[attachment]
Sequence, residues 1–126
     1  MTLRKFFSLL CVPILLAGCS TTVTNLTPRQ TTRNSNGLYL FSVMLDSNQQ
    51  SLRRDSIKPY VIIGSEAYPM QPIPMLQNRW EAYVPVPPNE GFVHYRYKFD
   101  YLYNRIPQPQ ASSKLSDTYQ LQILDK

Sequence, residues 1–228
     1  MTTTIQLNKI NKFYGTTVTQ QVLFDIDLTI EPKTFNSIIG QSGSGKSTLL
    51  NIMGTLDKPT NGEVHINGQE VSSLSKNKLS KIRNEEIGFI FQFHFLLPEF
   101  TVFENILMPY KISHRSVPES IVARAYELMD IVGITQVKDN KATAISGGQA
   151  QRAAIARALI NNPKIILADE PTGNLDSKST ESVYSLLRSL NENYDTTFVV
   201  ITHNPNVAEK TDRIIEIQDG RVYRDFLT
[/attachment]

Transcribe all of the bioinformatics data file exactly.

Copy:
Sequence, residues 1–126
     1  MTLRKFFSLL CVPILLAGCS TTVTNLTPRQ TTRNSNGLYL FSVMLDSNQQ
    51  SLRRDSIKPY VIIGSEAYPM QPIPMLQNRW EAYVPVPPNE GFVHYRYKFD
   101  YLYNRIPQPQ ASSKLSDTYQ LQILDK

Sequence, residues 1–228
     1  MTTTIQLNKI NKFYGTTVTQ QVLFDIDLTI EPKTFNSIIG QSGSGKSTLL
    51  NIMGTLDKPT NGEVHINGQE VSSLSKNKLS KIRNEEIGFI FQFHFLLPEF
   101  TVFENILMPY KISHRSVPES IVARAYELMD IVGITQVKDN KATAISGGQA
   151  QRAAIARALI NNPKIILADE PTGNLDSKST ESVYSLLRSL NENYDTTFVV
   201  ITHNPNVAEK TDRIIEIQDG RVYRDFLT